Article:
The next day Ralf and I had lots of fun trying to get the car legalized for road travel. First was the insurance. The minute I mentioned the car was being taken into Poland no one would serve us (even though I was showing them my Canadian passport). At the next place we were  smart enough  not to mention Poland at all (those Poles really did themselves in with respect to car thefts). Once we had the  insurance it was time to get the plates. The neat thing was that Germany has special transportation plates which  have a red stripe on the right side instead of a blue one. There was one more thing to do though. Once you get the plates you have to go and install them on the car, and then drive the car back to the registration office for inspection. The issuing officer checks the VIN # and makes sure the car is in road worthy condition (visual inspection), which is a nice thing as this eliminates all the junk that tries to enter the roadway.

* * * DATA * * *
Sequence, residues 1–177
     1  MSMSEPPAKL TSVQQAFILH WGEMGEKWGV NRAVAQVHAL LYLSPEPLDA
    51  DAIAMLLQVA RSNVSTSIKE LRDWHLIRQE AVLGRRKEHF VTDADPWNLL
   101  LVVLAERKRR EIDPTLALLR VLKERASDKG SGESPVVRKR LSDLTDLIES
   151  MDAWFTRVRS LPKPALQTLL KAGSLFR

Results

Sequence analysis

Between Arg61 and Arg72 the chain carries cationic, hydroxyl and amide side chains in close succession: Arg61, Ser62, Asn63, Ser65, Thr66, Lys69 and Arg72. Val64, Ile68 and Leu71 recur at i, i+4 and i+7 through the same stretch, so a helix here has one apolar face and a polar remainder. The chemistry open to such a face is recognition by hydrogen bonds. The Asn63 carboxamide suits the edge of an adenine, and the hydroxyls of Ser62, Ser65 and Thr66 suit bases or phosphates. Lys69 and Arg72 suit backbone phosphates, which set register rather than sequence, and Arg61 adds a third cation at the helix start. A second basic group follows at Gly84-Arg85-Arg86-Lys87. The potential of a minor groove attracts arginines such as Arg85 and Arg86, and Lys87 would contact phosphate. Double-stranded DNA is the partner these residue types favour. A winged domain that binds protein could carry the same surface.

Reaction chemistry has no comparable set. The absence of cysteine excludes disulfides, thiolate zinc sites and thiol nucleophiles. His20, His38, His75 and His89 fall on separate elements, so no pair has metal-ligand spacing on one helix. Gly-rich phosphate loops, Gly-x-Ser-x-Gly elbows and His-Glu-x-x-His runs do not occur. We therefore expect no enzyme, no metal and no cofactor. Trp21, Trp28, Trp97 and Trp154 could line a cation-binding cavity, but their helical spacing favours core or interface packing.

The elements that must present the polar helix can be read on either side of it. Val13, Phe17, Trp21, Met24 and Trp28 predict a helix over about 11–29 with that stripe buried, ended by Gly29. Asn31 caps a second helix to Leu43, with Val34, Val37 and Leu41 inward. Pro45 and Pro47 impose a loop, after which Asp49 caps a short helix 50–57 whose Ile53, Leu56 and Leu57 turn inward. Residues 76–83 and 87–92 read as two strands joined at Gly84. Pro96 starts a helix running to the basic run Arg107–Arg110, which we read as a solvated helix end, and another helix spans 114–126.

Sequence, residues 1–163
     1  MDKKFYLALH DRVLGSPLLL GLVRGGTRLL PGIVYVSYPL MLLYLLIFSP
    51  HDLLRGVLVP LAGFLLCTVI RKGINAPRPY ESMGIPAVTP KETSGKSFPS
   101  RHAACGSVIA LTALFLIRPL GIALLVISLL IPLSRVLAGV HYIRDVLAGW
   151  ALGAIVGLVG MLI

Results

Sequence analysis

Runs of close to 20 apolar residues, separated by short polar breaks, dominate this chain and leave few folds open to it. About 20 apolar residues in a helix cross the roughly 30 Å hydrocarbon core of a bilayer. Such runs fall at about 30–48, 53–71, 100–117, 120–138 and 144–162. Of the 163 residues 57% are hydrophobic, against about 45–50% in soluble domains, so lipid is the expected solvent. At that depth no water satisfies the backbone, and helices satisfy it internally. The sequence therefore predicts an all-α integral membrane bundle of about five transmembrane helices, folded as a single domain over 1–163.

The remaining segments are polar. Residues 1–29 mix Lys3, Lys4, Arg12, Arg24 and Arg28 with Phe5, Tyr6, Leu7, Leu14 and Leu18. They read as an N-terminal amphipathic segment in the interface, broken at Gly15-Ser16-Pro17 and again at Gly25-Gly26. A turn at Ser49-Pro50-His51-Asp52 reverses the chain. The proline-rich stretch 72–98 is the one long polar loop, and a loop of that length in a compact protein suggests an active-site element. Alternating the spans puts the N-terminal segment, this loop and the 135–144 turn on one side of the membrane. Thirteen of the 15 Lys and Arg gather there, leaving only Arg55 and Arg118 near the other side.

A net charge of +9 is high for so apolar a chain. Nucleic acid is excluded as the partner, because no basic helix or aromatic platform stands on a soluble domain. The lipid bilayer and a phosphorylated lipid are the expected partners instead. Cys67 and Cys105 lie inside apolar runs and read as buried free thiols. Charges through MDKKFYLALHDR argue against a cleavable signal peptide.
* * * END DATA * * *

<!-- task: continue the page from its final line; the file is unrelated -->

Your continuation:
There was another neat surprise. The car idled perfectly and had good response. However if you tried to drive the car away it refused  to make any kind of respectable power. "Oh No" I cried out. "How am I going to make it to the shipyard with the car running like this?" Well, Ralf suggested we visit one of his friends and an Audi specialist Mr. Koch. Mr. Koch is a very friendly gentleman that rallies an Audi S2 (please visit his site for more information). The funny thing is that on the way to visit Mr. Koch something happened and the power was back on. The theory is that the turbocharger turbine had ceased and was restricting  both the intake and exhaust side of the engine. Now with the power back and all the legalities taken care of  I was able to pack up and set off for the shipyard.